Using a power meter for training and racing is very valuable. It is one of the first things I would recommend people buying when starting with triathlon after the must-haves, like goggles, wetsuit, bike, running shoes and trisuit. My experience with power meters goes back a few years. I first got a wheelset with a Powertap hub back in 2010, before I got a Quarq crank power meter in 2012, which I had a few of before getting my current Look Keo Power pedals as a Polar ambassador. They have been working great, until the last races where I felt that they where unreliable. And if it is one thing that is important regarding power meters it is reliability. I must trust that the numbers they give are correct. For that reason I started the search for a new solution. Since I use multiple bikes and experience with different crank lengths the pedal based watt pedals were my first choice. What I considered was the Garmin Vector 3, Powertap P1 and the Assioma Duo. Both Garmin and Assioma Duo looked satisfying regarding my criteria, so I opted for the least expensive of the two. I bought mine thru the Norwegian supplier www.wattbutikken.no which offered excellent service.
Pedal-based power meters have been not as good as they should be, until now. All the three mentioned are supposed to be super easy plug and play, which the earlier pedal power meters were not. That’s why I was really excited to check out if they actually could be that easy.
Mounting the Assioma on my TTE was as easy as mounting normal pedals. No need for a special torque, or a unit to put on the inside of the pedal arm (which was an issue with the clearance on the left side with the Look Keo on my TTE). Just mount them and your good to go. Except one thing, they did not pair with my Polar V800, or any of my other units. Damn! Then I had to go back to the source of knowledge, which in most technical issues is DC Rainmakers In-Depth Review. The pedals had to be activated thru Assioma’s own app, before being able to use. On that app, you can check the battery status and adjust the crank length, which is the only information you have to provide and change if you change the bike/crank etc. The change of crank length can also be done from your watch, at least from my Polar V800.
After that, you are good to go. The pedals actually give you the power without any hassle, connection issues or the need for calibration. There is an option to calibrate the sensors from your watch before each ride, or after the warm-up to adjust for the different temperatures. It is recommended, but I have not noticed any difference before and after compared to my Tacx Neo.
On the Assioma app have to activate the pedals. You can also check battery status for the rechargeable batteries and adjust crank length.
For the short time I had it, and roughly 25-30 rides I have been using it seems reliable and consistent. The only issue is that it is reliable and consistently showing a lower number than my Tacx Neo, and the difference is considerable. On 170-ish watts, it is about 10w, 250-ish roughly 15w and from 300w and above it is 20w lower than my Tacx Neo.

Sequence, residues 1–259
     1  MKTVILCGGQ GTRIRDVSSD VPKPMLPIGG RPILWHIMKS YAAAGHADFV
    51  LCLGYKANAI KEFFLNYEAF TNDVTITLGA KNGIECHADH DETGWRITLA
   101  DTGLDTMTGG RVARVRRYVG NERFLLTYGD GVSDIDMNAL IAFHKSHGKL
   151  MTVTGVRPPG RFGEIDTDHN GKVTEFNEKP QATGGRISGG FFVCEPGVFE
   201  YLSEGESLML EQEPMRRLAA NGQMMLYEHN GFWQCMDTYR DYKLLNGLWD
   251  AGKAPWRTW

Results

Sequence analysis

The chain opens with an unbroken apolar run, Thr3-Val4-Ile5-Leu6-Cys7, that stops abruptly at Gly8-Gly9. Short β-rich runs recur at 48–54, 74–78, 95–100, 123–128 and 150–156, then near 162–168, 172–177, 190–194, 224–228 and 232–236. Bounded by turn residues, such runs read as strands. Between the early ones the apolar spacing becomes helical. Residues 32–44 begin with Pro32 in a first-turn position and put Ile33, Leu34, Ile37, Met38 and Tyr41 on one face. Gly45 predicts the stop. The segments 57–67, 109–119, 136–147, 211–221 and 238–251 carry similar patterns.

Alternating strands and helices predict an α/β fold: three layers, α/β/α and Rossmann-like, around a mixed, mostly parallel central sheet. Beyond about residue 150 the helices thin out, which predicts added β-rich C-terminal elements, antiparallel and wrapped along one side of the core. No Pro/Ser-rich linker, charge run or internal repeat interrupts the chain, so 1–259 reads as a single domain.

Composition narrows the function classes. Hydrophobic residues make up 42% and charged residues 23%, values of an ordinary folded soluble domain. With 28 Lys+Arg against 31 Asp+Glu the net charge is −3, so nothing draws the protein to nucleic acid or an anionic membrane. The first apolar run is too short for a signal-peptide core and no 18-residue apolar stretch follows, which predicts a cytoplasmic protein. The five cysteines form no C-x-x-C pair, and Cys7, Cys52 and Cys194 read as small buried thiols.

I will am not saying that the Assioma Duo shows too low numbers because I do not know who of them are correct, if any. I tried them on another Tacx Neo on my workplace and the difference was identical. The Tacx Neo is not possible to calibrate and is supposed to be +- 1 % accurate, while the Assioma pedals are supposed to be +-2 % accurate. With a 6-7 % deviation between the Assioma and Tacx Neo one (or both) are incorrect. I would love to borrow another pair of Assioma pedals to check, and maybe a pair of Garmin Vector 3 as well, so I can compare. I have access to a Lode ergobike, which they use in scientific projects, and will compare it against that when I find the time. While consistency by far is the most important feature in a power meter I do not think that is good enough. 1 watt is 1 joule/sec. No more and no less, no matter where in the world you are. I know however that some power meters producers are known to give a higher reading than others. In some ways, I understand why, because it is more fun to use a power meter that consistently gives higher number. It makes you believe that you are close to being world class, but a race will tell you the truth. That is also the reason why I prefer the truth from the start.
Using the DC Rainmaker Analyzer, I have compared the different readings in watt from the Assioma pedals and Tacx Neo. The full comparison can be read below. Note that the Tacx app stops the recording when I stop pedalling so that can make the recordings synchronized.
While the uncertainties regarding the difference in values are annoying (which «fault» cannot be put on the pedals without more testing), I must say the pedals really are how power pedals should be. As easy to use as normal pedals, reliable regarding both power consistency and transmitting/pairing. The price is also not crazy expensive costing half of a high-end carbon wheelset. This cost/value aspect is why I would recommend a pedal based power meter high your wishlist if you don’t have a power meter already. I opted for the Duo version which measures both legs. It’s not a must-have, but increases accuracy (since you most likely are stronger in one leg than the other) and will make it easy to spot if one of the sensors are off, which again increases confidence in the numbers 🙂